Pubdate: Thu, 17 Jan 2008
Source: Huntsville Times (AL)
Copyright: 2008 The Huntsville Times
Author: Wendy Reeves


Overwhelmingly Positive Response To E-mailed Details

MADISON - Superintendent Dr. Dee Fowler hopes the "tempest in a
teapot" over a proposed random drug testing policy will calm down, now
that the specifics of the proposal have been released.

The policy, which has stirred controversy in Madison since it was
first introduced in November, will impact middle and high school
students who participate in extracurricular activities or who drive to

Fowler sent a letter to parents Wednesday explaining the policy, and
they responded almost immediately.

Fowler got about 50 responses in less than two hours after he sent a
message to parents through the school system's voluntary e-mail list

"So far, I'd say 99.8 percent of the responses have been in support of
the policy," said Fowler while sitting in front of his computer
Wednesday afternoon.

He continued opening the e-mails while a reporter was present, sharing
a few of the comments that were written to him. Within the first hour
and a half, Fowler got one response from a parent who is against the
drug testing policy.

Overall, the comments ranged from "wholehearted support" to the one
quickly responding non-supporter who told Fowler, "My child will never
be tested."

One parent asked if teachers and staff would be tested.

"It's something we're looking into," he said.

Several parents said they think all students should be tested, not
just the students who play sports or drive to school.

Fowler said the U.S. Supreme Court has ruled that the entire student
body cannot legally be subjected to random drug testing. However, he
said students who choose to participate in extracurricular activities
that distinguish them from the larger population may be legally tested.

Fowler said the system will apply for a federal grant to cover the
cost of the testing, which will be $14 per student.

The school board will review the policy during a work session Feb. 7
at 4:30 p.m. A board meeting will follow the work session.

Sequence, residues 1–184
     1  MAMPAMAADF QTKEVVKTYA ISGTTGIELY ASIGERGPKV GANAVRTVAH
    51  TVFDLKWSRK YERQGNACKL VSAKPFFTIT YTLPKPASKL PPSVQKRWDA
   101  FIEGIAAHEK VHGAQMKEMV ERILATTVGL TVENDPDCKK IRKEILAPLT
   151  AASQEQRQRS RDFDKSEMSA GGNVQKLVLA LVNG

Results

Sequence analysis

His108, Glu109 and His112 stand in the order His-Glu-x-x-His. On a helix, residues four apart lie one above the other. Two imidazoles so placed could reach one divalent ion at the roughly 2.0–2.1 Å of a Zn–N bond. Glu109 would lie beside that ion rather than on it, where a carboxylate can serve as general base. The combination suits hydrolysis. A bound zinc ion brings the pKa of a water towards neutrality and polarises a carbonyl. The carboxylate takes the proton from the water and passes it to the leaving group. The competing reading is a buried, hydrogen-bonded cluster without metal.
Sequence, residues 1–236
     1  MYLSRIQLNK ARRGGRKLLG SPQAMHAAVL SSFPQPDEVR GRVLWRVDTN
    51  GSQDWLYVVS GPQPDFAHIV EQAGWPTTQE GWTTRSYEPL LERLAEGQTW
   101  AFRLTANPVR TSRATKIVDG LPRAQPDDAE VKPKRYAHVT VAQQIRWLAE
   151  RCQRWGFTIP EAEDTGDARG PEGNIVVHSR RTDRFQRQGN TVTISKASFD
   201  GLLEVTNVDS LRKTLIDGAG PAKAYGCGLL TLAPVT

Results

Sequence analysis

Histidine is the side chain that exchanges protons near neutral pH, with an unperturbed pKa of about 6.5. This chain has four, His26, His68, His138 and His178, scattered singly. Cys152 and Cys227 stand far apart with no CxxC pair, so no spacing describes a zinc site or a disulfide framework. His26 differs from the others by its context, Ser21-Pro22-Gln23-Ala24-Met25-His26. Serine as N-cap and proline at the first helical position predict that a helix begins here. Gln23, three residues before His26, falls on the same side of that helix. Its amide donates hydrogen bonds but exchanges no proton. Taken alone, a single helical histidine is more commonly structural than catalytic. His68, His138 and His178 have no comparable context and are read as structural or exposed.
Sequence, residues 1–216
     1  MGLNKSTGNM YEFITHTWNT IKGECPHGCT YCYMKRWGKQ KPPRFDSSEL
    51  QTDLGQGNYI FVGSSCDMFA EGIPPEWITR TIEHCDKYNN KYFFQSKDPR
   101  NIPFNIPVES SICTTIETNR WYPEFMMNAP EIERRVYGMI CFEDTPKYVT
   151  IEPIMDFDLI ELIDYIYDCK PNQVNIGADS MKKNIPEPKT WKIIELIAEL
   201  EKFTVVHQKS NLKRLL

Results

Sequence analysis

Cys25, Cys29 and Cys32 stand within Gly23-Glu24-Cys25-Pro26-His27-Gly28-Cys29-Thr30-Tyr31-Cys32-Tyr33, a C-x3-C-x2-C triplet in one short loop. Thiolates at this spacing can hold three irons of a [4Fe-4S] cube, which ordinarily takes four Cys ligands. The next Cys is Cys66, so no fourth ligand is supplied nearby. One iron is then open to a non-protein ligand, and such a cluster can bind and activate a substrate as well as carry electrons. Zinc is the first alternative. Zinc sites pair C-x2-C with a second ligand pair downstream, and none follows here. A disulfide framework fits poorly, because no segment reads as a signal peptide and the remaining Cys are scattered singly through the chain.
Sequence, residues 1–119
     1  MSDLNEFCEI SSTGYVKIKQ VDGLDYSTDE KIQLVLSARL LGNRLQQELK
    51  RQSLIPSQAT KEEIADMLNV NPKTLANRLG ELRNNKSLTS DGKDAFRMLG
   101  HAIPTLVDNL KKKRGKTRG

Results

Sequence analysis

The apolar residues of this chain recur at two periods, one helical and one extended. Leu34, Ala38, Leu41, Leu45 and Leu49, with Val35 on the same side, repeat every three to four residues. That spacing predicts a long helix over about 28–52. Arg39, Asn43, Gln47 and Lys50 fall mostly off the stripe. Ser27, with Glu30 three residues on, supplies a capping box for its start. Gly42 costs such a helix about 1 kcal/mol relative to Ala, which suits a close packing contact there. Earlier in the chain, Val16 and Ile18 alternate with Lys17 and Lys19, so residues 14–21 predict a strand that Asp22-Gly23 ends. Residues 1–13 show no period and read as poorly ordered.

Here are highlights of the proposed policy:

The test will be a saliva test randomly given to middle and high
school students who participate in extracurricular activities and/or
who drive to school.

Students who have a positive drug test will not be reported to any law
enforcement agency and they will not be suspended or expelled from
school because of the drug test. Parents or guardians will be notified.

A student with a positive drug test or who refuses to take a test will
be suspended from driving or participating in extracurricular
activities for two weeks.

The suspension from extracurricular activities and parking increases
to 12 weeks for two positive drug screens or refusals, one calendar
year for three and the remainder of their time in the system for four.

"Truly, we are trying to help create a safer environment for our
students," Fowler said. "We know that about 5 percent of our students
have the potential to test positive, based on the national average."

He said studies such as the 2005 Effectiveness of Random Student
Drug-Testing Programs show that student drug use decreases upon
implementation of a comprehensive non-punitive drug testing program.

In his e-mail to parents, Fowler said there are several school
districts which have implemented drug testing for many years.

Locally, he said, Limestone County has mandatory drug testing for all
athletes. Huntsville High has a voluntary drug testing program for its
football and baseball teams.

Mountain Brook, Vestavia Hills, Hoover and Auburn also have drug
testing programs; the one in Auburn is voluntary, he said.

Also in his e-mail, Fowler provided a link to the most recent Pride
Survey, a federally mandated official measurement of adolescent drug
use in America. It shows 12.3 percent of Madison city students who
participate in school activities said they use illicit drugs a lot.

Another 12.4 percent said they use drugs often, and 31 percent said
they never use drugs, the survey said.

The most recent Pride Survey results for Vestavia Hills, a district
similar to Madison, shows that 8.5 percent of students who participate
in school activities use drugs a lot. There were 12.3 percent who said
they used drugs often.

And 40 percent of Vestavia students who participate in school
activities said they never use drugs.

Fowler said the Vestavia school administrators said they believe the
drug testing policy has resulted in fewer students using drugs.

"For those who are adamantly opposed to this policy, I'm sorry,"
Fowler said. "I'm not trying to run over their rights, but I don't
have the luxury to be able to look at each individual child, but 8,000
all at once, and I'm recommending what I believe is best for the
entire student population."
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